How High Is Andrew Luck's Ceiling?
Second-year quarterback Andrew Luck will have all eyes on his performance under center for the Indianapolis Colts this year. How good can the player deemed the "best draft prospect since John Elway" become?
To better understand Luck, I went through and charted every throw he made in the 2012 regular season and playoffs. All 681 of them—good for No. 5 in the league last season. Of those 681 attempts, there were 367 completions, 19 interceptions and 23 touchdowns. Of Luck's 764 dropbacks, he was sacked 40 times, hit another 14 and saw his receivers drop 56 passes.
The numbers, however, do not tell the whole story of Luck's 2012 season, nor of his upside. What does the film say?
Where Luck Excels
Writing up a list of Luck's positives can sound like hyperbole, but it's all justified by watching his play in 2012 and weighing it with his potential.
We talk about quarterbacks having the "it" factor, and Luck has that. Want evidence? His four fourth-quarter comebacks and seven game-winning drives in 2012 are hardcore data to back up his ability to turn chicken waste into chicken salad. That's rare from a first-year quarterback. How rare? Luck led the NFL in game-winning drives, the first rookie to do so since Ben Roethlisberger had six in 2004, and posted the third-most ever in a single season since comebacks were tracked, per Pro-Football-Reference.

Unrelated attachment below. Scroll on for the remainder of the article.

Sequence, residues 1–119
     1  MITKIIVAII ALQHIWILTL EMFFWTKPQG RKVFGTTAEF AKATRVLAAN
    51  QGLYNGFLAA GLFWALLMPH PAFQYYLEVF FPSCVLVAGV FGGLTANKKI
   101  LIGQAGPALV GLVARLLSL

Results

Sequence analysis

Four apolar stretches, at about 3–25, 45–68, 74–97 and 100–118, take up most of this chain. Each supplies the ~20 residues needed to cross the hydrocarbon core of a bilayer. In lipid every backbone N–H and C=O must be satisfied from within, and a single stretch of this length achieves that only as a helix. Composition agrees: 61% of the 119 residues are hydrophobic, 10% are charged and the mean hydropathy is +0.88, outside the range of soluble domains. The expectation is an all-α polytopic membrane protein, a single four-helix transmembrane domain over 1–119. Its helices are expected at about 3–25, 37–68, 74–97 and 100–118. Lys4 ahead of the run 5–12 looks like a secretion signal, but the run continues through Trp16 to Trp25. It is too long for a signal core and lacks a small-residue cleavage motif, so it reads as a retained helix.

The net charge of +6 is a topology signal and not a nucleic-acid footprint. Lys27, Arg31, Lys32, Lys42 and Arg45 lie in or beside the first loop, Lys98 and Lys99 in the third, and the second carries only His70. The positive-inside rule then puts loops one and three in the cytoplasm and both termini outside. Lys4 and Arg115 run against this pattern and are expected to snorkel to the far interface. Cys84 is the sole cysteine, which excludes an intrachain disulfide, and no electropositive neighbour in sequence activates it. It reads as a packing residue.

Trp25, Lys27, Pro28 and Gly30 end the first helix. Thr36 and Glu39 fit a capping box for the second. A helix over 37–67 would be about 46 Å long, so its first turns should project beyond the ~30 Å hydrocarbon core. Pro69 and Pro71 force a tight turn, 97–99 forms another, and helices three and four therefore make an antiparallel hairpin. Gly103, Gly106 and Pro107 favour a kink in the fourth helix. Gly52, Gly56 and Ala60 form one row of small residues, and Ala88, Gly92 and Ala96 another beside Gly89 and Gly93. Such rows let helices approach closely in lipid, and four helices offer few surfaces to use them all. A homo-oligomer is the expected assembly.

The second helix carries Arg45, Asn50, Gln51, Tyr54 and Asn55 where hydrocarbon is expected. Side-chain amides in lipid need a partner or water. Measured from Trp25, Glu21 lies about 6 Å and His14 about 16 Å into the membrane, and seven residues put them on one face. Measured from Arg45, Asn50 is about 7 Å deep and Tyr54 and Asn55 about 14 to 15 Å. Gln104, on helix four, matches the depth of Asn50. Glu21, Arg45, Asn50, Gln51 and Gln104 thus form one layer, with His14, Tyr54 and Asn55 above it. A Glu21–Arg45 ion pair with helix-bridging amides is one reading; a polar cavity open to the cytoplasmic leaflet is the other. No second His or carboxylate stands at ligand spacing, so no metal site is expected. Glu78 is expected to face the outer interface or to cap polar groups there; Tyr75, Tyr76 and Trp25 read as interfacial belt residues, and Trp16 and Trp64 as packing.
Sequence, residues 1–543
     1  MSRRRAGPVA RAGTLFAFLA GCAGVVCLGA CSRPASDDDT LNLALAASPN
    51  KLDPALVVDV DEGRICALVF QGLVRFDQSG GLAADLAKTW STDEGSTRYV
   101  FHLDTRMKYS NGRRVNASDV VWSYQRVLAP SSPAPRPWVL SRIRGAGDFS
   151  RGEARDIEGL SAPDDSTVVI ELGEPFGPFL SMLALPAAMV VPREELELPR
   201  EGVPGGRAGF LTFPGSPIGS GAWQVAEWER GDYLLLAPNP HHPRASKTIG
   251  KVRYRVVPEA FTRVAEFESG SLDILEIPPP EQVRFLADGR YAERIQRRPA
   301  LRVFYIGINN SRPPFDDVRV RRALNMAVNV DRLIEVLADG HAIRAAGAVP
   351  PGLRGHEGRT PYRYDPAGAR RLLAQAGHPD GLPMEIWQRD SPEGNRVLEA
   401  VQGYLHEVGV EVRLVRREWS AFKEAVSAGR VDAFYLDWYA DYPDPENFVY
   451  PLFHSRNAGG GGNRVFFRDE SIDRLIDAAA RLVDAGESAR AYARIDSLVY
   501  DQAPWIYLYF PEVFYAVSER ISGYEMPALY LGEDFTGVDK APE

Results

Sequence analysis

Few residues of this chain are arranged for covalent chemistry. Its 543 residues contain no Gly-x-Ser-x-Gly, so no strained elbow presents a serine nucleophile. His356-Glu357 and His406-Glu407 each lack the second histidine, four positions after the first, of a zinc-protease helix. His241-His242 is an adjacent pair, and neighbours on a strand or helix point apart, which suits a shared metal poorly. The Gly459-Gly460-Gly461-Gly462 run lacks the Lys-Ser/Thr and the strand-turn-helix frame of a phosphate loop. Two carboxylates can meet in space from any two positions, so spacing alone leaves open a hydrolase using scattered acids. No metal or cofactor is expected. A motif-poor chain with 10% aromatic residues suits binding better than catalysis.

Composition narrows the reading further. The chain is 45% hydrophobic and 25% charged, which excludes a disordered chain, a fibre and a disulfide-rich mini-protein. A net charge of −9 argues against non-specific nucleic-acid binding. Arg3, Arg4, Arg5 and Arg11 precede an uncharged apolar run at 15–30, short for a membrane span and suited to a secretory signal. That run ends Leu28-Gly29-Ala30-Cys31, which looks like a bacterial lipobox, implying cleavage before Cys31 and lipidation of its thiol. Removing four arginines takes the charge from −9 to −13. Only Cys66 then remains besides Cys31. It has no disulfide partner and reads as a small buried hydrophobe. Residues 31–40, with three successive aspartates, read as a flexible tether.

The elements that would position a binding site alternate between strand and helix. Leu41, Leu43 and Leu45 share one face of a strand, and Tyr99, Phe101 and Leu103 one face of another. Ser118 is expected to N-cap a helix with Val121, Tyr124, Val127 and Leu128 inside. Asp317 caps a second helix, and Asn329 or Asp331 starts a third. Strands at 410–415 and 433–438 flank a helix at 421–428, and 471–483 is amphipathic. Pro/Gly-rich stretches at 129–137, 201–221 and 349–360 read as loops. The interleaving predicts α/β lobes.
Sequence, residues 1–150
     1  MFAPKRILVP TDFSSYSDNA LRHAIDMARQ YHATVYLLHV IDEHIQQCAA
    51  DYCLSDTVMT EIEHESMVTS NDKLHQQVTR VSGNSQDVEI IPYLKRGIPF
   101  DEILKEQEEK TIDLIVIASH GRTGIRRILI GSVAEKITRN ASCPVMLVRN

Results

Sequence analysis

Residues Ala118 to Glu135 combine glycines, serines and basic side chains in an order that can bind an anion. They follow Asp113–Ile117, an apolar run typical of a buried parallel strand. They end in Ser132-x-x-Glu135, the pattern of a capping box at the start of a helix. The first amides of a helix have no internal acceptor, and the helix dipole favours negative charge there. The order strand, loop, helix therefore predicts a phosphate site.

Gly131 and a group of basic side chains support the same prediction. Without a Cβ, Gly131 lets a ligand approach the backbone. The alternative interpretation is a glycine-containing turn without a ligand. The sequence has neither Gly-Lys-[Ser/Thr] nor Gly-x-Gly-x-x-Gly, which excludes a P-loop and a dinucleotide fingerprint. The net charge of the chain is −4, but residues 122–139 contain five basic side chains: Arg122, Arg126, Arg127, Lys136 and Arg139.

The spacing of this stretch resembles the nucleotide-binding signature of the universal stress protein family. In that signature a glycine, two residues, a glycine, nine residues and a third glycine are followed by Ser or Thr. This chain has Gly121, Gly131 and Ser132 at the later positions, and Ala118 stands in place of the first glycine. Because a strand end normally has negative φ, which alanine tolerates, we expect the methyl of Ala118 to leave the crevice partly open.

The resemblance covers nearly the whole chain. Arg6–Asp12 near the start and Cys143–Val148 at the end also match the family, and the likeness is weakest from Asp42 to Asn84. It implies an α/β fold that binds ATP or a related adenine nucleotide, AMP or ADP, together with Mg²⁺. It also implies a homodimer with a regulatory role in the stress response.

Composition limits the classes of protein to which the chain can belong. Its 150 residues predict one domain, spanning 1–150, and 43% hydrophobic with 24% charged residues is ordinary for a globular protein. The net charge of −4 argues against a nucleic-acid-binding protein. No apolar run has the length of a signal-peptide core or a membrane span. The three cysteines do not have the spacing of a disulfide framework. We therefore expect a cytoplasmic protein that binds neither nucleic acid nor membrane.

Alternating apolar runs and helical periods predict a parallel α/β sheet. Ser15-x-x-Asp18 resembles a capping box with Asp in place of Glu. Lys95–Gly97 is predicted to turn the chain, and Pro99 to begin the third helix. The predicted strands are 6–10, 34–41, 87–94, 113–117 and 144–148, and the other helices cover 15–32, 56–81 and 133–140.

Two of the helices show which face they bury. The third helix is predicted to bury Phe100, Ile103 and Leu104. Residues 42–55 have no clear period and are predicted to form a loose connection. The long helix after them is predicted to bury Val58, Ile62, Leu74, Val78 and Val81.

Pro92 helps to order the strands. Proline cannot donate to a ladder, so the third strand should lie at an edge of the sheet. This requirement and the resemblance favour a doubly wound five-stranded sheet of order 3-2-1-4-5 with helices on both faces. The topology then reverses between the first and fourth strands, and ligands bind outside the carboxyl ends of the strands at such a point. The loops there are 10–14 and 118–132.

Game-winning drives, like wins and losses, can't all be placed on the quarterback's shoulders, but on a team that won two games the season before, Luck's ability to orchestrate late-game heroics is notable.
Playing behind a poor offensive line, we also got to see Luck's ability to make plays on the move. Like a right-handed Steve Young, Luck was able to keep plays alive once the defense broke through the line of scrimmage by moving laterally in the pocket to find passing windows or rushing lanes. His dual-threat ability isn't talked about enough, but with great size (6'4", 234 lbs.) and speed (4.67 in the 40-yard dash, per NFL.com), he can make plays on the perimeter at a high level.